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355 Challenge durability

Discussion in 'Technical Q&A' started by Aircon, Dec 31, 2003.

  1. Aircon

    Aircon Seven Time F1 World Champ

    Jun 23, 2003
    77,463
    Melbourne, Australia
    Full Name:
    Peter
    Please don't bother answering this question unless you have had specific involvement in 355 Challenge racing..I'm not looking for guesswork!

    At what sort of mileage (racing) would you expect that compression/leakdown/wear and tear etc would mean that a rebuild or refresh would be due and what would normally be done? Just rings and seals? Bearings? Valves/guides?

    Speaking of valves and guides, did the mythical head/valve guide issue raise its ugly head often in the 355 Challenge series?

    Thanks.

    Peter
     
  2. Dr_ferrari

    Dr_ferrari Formula 3
    Professional Ferrari Technician Consultant

    Nov 2, 2003
    1,064
    Pocono Sportscar
    Full Name:
    Jim McGee
    Basiclly, the engine would be "refreshed" once a year before the start of the season.

    pre-teardown compression and leakdown tests would be done.

    Cylinder heads would be check and repaired as necessary, lower end and rings/cylinder liners checked. Refresh all seals and water pump.Check and clean oil pump and replace oil chain tensioner guides if worn. Check and replace any worn componets.

    Complete reasssemble and cam timing adjust with all new belts. Complete engine adjustment.

    break in and shakedown of engine and chassis on a dyno or test day at the track. and then follow-up with a compression and cylinder leakdown test.

    Replace all filters and check all systems (ie....cooling, ignition connections, oil, etc...)

    As for the valve guide problem, yes it was an issue untill we replaced the guides with the improved steel sintered type.


    best regards, Jim
     
  3. rexrcr

    rexrcr Formula 3

    Nov 27, 2002
    1,572
    Kalamazoo, MI
    Full Name:
    Rob Schermerhorn
    I concur with Jim. If you want to run up front, this is the plan.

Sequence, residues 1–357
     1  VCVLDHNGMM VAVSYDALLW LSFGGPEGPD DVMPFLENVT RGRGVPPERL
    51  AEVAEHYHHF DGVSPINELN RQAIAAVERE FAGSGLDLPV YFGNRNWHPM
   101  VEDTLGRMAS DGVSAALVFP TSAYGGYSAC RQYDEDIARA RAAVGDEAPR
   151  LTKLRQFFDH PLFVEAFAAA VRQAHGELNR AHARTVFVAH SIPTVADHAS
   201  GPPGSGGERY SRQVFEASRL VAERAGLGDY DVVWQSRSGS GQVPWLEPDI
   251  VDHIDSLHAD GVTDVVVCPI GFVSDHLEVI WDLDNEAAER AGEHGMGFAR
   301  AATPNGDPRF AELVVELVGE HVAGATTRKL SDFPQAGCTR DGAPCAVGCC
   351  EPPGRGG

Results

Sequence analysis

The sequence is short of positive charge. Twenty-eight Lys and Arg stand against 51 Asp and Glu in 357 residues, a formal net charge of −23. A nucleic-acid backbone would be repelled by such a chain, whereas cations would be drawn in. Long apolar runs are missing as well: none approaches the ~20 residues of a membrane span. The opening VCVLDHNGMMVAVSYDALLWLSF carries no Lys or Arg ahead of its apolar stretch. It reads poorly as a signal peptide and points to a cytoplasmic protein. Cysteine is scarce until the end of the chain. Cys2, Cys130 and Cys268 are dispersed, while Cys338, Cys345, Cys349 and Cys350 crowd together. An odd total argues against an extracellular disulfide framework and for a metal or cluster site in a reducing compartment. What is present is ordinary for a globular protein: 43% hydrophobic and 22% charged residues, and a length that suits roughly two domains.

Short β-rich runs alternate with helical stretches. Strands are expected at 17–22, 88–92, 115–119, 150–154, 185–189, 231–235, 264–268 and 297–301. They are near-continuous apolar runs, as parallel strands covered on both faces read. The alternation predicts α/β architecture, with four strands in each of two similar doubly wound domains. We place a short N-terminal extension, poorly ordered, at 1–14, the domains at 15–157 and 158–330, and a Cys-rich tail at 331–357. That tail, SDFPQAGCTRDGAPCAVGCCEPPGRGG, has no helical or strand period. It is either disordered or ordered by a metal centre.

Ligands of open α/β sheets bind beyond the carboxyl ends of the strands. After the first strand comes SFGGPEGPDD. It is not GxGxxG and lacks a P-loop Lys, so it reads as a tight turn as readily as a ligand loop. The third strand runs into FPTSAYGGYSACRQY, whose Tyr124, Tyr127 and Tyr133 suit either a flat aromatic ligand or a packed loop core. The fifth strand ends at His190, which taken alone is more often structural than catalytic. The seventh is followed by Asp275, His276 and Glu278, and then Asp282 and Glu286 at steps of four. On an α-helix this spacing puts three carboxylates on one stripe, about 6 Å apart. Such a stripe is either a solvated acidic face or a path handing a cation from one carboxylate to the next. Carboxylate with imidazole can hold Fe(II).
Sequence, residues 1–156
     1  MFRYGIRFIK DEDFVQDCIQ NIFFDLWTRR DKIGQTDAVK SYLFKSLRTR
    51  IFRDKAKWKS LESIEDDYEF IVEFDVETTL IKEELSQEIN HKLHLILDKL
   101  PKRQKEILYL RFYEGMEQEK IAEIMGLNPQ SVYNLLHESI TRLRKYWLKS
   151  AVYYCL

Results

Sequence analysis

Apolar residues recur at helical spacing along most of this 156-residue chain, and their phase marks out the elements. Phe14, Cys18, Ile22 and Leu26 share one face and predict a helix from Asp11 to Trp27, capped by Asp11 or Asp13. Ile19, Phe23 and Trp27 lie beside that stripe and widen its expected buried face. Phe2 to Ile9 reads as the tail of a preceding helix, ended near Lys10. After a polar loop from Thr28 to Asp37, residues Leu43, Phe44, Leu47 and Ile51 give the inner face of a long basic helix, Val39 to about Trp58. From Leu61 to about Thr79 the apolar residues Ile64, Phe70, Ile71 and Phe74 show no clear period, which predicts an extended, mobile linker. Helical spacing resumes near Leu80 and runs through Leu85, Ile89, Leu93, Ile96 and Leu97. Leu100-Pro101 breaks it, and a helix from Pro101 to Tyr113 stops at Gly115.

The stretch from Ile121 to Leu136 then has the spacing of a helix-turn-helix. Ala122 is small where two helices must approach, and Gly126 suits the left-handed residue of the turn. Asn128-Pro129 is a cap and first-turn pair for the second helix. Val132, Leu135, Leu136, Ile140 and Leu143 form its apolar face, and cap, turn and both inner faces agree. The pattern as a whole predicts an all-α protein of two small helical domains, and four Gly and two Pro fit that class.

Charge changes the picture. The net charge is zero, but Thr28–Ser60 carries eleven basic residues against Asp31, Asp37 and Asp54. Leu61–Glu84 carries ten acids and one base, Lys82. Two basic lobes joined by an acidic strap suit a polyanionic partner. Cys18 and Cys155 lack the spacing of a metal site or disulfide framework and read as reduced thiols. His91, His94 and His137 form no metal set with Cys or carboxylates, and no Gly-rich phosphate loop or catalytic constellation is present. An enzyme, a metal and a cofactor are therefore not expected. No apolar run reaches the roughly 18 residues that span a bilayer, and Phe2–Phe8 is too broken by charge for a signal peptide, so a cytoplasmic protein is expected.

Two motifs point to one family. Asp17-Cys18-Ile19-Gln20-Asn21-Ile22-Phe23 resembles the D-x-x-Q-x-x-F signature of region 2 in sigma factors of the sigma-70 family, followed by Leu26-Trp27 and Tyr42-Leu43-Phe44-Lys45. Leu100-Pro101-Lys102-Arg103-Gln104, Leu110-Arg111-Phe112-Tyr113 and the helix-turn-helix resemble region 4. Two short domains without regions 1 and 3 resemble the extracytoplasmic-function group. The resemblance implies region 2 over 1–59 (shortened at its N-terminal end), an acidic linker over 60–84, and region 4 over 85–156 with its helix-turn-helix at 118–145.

I did have customers who would accept more wear (cylinder leak %) and delay refresh to save a few $$.

    Durability is high, for sure. Challenge racing gives competitors a lot of track time. We'd log over 100 hours on engines easy each year. I know of a few F355's going years without rebuilds, but they'll leak down 10% or more.

    Without crash damage, Challenge cars are relatively (for purpose-built race cars) low maintenance.

    Best regards,

    Rob Schermerhorn
     
  4. ferrarifixer

    ferrarifixer F1 Veteran
    BANNED

    Jul 22, 2003
    8,520
    Melbourne
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    Phil Hughes
    And not to forget, that although nearly all parts are road car parts, the extreme use and heat cycling causes increased wear when racing road cars.

    Using datalogging it's possible to calculate average rpm per lap/km etc. Overlay a race cars average rpm to a road cars average, and you'll see that actual km is almost meaningless....how many high load revolutions has the engine actually done???

    Race engines have copper/alloy/steel combustion sealing rings and rubber o rings on oil and water ways in place of a conventional head gaskets, and non stretch, use once only, head studs....just for random example of heat cycling management.

    A previously raced, but now roaded challenge will give years of useful life, but niggles due to vibrations and heat cycling will frustrate more than a road only car might.
     
  5. Dr_ferrari

    Dr_ferrari Formula 3
    Professional Ferrari Technician Consultant

    Nov 2, 2003
    1,064
    Pocono Sportscar
    Full Name:
    Jim McGee
    Good points,
    Honestly for the customer who wants to run club events, these are an excellent choice for a first track ferrari.

    As the guys have said, they will give good dependable service.